Deep Relaxation

“The mind will slip into Alpha and then Theta brain wave activity, this also happens in meditation at the point of going to sleep or waking. This is the most receptive time to implant new patterns of behaviour”

abhāva pratyayā ‘laṁbanā vṛttir nidrā

Nidra, according to Patanjali in Sutra 1:10 is one of the five thought patterns that prevent us from realising the true self beyond illusion. Deep sleep, or dreamless sleep when the mind thinks it does not think, is how Patanjali describes sleep, and as a state of mental inertia. When we sleep there is consciousness otherwise how would we be able to describe sleep, or the quality of sleep, Patanjali describes this as a tamasic state, a state of heaviness. To transcend this mental modification, we need to enter a state of deep relaxation with complete awareness, this is yoga nidra.

svapna nidra jnana alambanam va

In Sutra 1:38 , Patanjali tells us that if we remain aware of our dreams and dreamless sleep we calm the mind, which I think more aptly describes yoga nidra. This sutra may also be referring to lucid dreaming, or maybe even astral projection, but this is just my opinion.

The origin of yoga nidra is often cited to Swami Satyananda Saraswati of the Bihar school of yoga, from I believe, the mid-1960s’, although I think I read he tells himself how the system was passed on to him. How far it goes back I don’t know, it may well have been introduced by Swami Satyananda Saraswati, but my feeling is it goes back beyond the sutras into Vedic culture.

So to the practice of yoga nidra and its benefits. The student is led by the teacher progressively into a state of deep relaxation through verbal instructions and guided visualisation. One of the essential ingredients is the sankalpa, or resolve, which must be a positive resolve. I think one of the main stumbling blocks to a successful yoga nidra is at the point of sankalpa, and I definitely thinks it’s worth explaining to a class beforehand. In order for the sankalpa to succeed the student needs to have a clear vision of what they want to achieve. If the student is unclear about their intentions, then a clear statement of intent is impossible. The sankalpa must be as if it is now, it won’t do to say I will be or want to be. An example might be I am becoming more of who I am now! Or I am attracting more and more abundance into my life.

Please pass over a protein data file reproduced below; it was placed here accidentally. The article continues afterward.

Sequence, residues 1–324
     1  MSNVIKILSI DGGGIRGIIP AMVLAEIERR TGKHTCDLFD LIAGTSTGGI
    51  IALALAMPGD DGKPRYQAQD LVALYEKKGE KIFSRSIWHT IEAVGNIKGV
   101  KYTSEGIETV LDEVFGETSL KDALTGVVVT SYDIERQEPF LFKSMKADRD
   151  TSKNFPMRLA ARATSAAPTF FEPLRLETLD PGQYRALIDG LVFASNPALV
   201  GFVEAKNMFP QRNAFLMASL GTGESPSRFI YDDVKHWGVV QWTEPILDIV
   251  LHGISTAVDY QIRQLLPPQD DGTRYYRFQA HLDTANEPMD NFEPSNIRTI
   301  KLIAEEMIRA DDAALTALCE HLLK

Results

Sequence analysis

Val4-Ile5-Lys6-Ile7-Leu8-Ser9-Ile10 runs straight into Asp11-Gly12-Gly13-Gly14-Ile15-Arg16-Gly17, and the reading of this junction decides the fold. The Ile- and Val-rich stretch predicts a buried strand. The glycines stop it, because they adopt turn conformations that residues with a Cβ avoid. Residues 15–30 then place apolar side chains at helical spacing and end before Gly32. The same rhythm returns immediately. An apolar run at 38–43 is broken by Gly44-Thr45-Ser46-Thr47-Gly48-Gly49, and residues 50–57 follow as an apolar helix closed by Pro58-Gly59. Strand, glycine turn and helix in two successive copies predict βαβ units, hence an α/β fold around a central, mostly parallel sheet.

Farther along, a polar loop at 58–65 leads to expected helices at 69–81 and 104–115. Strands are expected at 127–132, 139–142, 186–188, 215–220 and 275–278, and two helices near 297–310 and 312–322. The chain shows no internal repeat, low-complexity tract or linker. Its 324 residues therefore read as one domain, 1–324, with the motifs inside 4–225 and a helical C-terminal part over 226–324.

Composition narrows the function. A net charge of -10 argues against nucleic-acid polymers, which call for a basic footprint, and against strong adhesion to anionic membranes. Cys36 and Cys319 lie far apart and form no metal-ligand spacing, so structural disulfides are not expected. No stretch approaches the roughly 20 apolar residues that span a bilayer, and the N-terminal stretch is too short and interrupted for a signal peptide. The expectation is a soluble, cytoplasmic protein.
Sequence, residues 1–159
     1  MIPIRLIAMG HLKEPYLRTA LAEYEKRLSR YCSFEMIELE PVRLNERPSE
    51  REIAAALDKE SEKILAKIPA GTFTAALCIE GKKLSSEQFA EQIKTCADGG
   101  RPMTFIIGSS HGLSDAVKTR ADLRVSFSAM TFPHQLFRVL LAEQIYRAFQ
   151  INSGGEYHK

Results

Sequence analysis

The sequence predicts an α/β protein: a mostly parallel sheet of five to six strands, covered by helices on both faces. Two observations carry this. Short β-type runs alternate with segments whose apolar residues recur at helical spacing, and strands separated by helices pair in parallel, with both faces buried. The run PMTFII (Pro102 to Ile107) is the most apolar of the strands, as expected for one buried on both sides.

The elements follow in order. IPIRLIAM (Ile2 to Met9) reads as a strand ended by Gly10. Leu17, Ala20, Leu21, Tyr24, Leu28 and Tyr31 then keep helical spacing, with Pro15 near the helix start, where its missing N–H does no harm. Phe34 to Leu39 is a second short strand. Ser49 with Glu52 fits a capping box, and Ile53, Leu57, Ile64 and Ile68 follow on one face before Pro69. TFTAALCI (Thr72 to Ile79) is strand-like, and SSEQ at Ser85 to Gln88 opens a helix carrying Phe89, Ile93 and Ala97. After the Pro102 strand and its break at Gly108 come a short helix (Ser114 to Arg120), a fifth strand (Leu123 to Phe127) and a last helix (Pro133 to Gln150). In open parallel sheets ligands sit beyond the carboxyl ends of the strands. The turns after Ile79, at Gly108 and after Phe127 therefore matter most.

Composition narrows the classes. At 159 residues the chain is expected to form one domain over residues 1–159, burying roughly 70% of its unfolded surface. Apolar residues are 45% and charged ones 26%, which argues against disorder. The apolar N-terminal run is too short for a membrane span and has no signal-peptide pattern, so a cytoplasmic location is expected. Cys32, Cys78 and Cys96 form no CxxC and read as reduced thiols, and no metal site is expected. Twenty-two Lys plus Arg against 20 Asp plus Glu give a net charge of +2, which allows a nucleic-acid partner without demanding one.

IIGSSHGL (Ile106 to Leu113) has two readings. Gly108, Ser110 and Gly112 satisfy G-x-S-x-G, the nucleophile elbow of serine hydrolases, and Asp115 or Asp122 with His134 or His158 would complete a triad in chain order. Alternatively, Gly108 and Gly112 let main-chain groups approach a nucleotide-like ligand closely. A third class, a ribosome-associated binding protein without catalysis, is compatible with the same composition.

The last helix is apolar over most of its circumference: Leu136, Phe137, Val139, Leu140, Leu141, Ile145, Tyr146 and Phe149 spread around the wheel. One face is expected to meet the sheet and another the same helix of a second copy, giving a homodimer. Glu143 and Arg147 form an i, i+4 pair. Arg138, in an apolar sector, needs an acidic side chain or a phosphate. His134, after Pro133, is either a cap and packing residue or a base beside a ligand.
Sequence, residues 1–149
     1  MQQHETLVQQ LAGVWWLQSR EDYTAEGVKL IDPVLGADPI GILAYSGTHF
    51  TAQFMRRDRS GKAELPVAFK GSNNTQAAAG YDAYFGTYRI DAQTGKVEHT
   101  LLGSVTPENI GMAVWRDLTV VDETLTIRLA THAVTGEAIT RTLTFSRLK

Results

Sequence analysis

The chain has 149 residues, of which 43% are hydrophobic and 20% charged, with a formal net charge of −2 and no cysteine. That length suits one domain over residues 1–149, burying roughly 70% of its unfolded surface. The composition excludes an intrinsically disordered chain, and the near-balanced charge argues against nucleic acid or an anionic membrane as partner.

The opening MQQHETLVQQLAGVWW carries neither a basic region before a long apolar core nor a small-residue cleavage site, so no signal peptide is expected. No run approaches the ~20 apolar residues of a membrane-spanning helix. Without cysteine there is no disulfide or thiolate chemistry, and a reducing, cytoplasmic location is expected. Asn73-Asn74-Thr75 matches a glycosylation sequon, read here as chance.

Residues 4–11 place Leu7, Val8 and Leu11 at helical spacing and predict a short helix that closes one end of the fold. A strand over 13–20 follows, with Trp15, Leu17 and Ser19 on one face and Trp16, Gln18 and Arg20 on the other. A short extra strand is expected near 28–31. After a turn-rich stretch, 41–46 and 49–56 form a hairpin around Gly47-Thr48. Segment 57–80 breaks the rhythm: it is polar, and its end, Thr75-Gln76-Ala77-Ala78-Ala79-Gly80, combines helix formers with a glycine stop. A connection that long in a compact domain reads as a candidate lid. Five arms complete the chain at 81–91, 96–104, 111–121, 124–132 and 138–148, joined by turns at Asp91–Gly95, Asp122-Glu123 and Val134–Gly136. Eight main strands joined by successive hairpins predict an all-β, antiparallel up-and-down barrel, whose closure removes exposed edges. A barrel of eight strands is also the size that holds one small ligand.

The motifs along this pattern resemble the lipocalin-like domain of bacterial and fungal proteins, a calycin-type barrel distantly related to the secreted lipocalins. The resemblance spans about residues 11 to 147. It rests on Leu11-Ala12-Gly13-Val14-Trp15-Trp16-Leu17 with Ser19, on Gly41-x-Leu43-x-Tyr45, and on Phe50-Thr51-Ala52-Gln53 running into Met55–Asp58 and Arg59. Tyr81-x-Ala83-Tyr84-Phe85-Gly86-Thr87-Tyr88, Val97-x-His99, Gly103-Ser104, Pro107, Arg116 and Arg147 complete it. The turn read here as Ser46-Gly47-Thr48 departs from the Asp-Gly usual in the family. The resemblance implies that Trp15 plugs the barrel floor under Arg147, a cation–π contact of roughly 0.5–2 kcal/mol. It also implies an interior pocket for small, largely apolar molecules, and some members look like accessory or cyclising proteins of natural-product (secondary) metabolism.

The practice begins in savasana, and may include blankets, cushions or other props as necessary. Once your students are comfortable and warm the verbal instructions may begin with breath awareness followed by a short body scan. Tone of voice is also vitally important, a calm reassuring tone of voice with clear instructions will keep your student’s attention, which is the main point, otherwise attention drifts and the mind wanders from topic to topic. You can then introduce a sankalpa. The next stage would then be a much slower and detailed body scan, starting with each toe working through the entire body. Again keeping the student’s attention is vital.

This can then be followed by a visualisation sequence. This is the chance to get the student to bring all their senses into play. The visualisation may be located on a beach, which can include all the senses, touch, hearing, smell, sight and sound. Encourage your students to bring the scene alive with as much clarity as possible. The script will encourage the student to smell the sea, feel the sun and hear birds in the sky. This part will help with the next stage which will be the second time for the sankalpa. Your student will be encouraged to bring their sankalpa alive and as if were now.

Just as a suggestion, maybe a car is needed in order to travel to a new job, then you would get the student to see the colour, feel the steering wheel and listen to the engine. I think it’s worth saying that wishing for material things is not what I would encourage, but it may be a means to an end. Also just visualising an end result won’t work without putting in the hard work as well. I would encourage my students to not put a time limit on their sankalpa, or be disappointed if it does not seem to work, otherwise this will undo the good work. The body and mind must be completely relaxed, but with complete awareness of the process. The mind will slip into Alpha and then Theta brain wave activity, this also happens in meditation and at the point of going to sleep or waking. This is the most receptive time to implant new patterns and concepts.

If the nidra works well your students will come back feeling refreshed and revitalised, calmed and ready to carry on with their day.

Martin Thompson.